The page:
The problem with all of this being that in the most real sense, I'm essentially no one, so my invitation isn't worth much of anything. On the other hand, that might just be a good thing. Maybe this invitation to join this discussion is really about anyone who might be interested in the conversation, whether or not they know me or think I could have anything worth hearing, asking others to join the conversation, and just getting it to begin in a larger way.

I'm going to continue trying to explore this idea, as time allows. I'll be posting here about more specific topics related to this discussion as I'm able to consider, write and edit them. If you're interested, contact me through this blog or any of the social media I've got listed under "Links You Should Click" in the sidebar. I'm only one person, with one perspective, and a limited one at that, so having some other people with some ideas about what masculinity is or can be as we move into the 21st century would be useful and helpful in being able to have an actual discussion, which is what it seems we all need.

Monday, December 17, 2012

Bad Faith, In Every Form

One question keeps cropping up in the back of my mind lately when it comes to issues of civics and politics: Why, exactly, am I supposed to trust you?

That might seem kind of harsh, and maybe it is. At the same time, the last few years have presented me with little reason to think otherwise when it comes to these topics.

I spent a few years working in a place where people felt perfectly at home spewing the most vile homophobia, racism and sexism a person can possibly express. On top of that, I knew that in order to be able to keep my job, I had to refuse to point out either just how vile it was or even in the more basic personal way, that it made me deeply uncomfortable.

I've also had some rather choice sentiments directed at me personally in the last few years, in connection with matters of politics and civics. I've been called a racist because I didn't support Barack Obama in his bid for reelection and actively questioned exactly why it was a good idea to continue to support any candidate whose foreign policy and violations of basic human rights were similar to his. I was also pretty often called an Obama-bot, libtard, faggot, grifter, leach and various other names because I wasn't particularly interested in Mitt Romneys promises to turn American policy a quarter of a degree past where it's been these last four years. Because let's honestly face it, the total difference in actual policy and enforcement by Democrats and Republicans over the past twenty years hasn't even been a matter of degrees, it's been a matter of percentages of a degree, when the entire landscape is considered. Sure, they're rhetorically at odds, but when it comes down to actual policy and implementation, not so much.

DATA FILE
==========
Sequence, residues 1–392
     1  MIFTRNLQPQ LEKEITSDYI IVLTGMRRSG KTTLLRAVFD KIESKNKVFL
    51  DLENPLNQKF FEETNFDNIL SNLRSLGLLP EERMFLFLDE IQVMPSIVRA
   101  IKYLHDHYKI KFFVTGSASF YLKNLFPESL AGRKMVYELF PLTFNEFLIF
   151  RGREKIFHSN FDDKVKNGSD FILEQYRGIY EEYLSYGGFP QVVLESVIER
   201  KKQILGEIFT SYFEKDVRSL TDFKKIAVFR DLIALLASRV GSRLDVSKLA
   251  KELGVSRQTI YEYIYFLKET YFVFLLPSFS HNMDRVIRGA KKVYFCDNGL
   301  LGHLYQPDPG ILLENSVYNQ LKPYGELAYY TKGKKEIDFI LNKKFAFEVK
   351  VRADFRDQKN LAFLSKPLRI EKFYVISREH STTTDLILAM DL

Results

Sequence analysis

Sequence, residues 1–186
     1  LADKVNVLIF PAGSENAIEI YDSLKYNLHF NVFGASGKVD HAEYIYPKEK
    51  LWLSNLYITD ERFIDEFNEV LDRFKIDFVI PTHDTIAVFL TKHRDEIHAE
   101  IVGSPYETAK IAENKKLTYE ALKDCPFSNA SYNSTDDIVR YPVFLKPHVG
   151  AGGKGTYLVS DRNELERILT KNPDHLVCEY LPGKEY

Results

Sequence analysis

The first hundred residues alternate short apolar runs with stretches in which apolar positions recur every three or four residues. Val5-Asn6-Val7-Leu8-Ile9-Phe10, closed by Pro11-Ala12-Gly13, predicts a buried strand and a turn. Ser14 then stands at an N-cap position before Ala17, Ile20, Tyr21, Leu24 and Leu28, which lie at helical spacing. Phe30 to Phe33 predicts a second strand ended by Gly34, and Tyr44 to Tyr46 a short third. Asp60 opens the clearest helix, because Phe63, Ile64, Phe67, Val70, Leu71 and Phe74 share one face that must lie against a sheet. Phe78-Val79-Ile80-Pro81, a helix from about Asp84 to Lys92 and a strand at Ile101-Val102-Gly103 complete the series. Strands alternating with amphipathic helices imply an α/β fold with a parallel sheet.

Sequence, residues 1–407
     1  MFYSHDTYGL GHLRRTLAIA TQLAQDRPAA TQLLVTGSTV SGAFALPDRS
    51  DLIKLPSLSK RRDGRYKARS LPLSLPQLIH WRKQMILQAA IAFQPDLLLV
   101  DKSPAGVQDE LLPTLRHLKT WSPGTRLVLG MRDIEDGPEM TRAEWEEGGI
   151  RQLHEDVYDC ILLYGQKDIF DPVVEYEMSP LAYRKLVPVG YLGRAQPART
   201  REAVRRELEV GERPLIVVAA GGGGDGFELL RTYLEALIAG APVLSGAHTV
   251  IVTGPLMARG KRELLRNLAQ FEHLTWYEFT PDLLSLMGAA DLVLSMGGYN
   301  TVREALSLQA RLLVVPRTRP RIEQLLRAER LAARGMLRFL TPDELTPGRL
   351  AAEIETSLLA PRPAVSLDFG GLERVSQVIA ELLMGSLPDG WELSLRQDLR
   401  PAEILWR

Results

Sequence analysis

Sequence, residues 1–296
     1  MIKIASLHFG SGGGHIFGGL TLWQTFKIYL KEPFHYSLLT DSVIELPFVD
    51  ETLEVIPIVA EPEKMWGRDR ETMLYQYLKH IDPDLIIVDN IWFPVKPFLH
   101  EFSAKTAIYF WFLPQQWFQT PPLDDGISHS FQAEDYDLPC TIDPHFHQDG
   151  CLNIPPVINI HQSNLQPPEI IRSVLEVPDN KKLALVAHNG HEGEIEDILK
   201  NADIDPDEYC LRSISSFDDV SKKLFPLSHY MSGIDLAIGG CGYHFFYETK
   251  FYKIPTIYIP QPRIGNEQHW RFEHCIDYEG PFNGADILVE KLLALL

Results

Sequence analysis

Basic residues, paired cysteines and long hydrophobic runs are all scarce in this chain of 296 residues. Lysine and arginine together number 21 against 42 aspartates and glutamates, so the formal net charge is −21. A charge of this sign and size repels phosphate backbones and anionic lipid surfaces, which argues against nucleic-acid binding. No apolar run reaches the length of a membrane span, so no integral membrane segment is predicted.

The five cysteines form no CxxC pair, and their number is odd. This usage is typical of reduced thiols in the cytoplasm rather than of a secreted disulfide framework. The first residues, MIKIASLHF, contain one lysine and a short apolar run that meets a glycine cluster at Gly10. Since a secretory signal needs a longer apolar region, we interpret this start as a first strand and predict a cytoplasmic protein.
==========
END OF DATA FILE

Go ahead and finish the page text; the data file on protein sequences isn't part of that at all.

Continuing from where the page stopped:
There is of course, the old standby, that I hate freedom. I'm not exactly sure how that squares with my continued expression of distaste for and genuine alarm at the rate with which the government and various other entities with the ability to control different levers of power have eroded civil standards of privacy, speech, gathering and otherwise. Questions and skepticism are apparently antithetical to freedom these days. I didn't get the memo on that one. It's practically a joke at this point.

I've also been called an Islamophobe because I had the gall to suggest that if you consider the results of their collective efforts, Hamas might just not have the best interests of the Palestinian people in mind. I've also been called antisemitic, for suggesting that the Israeli government, as it is an industrialized democracy, might be subject to the same failures as the American political system, and that again, there may just be factions involved in the decision making process that don't have the best interest of the Israeli or Palestinian people in mind. If you'll notice, that particular sentiment or statement does not involve blaming Jews as an ethnic or religious community for anything. It's basically suggesting that Muslims, Jews, and every other possible group of human beings are subject to the same failures when it comes to the wielding of power. Given that, I'm not very willing to take the word of Hamas, the Israeli government or their various surrogates at their word. Call me cynical, but I don't just buy it when people in positions of power promise to be protecting people over whom they exert power and influence. I know, this is a crazy notion, but what can I say?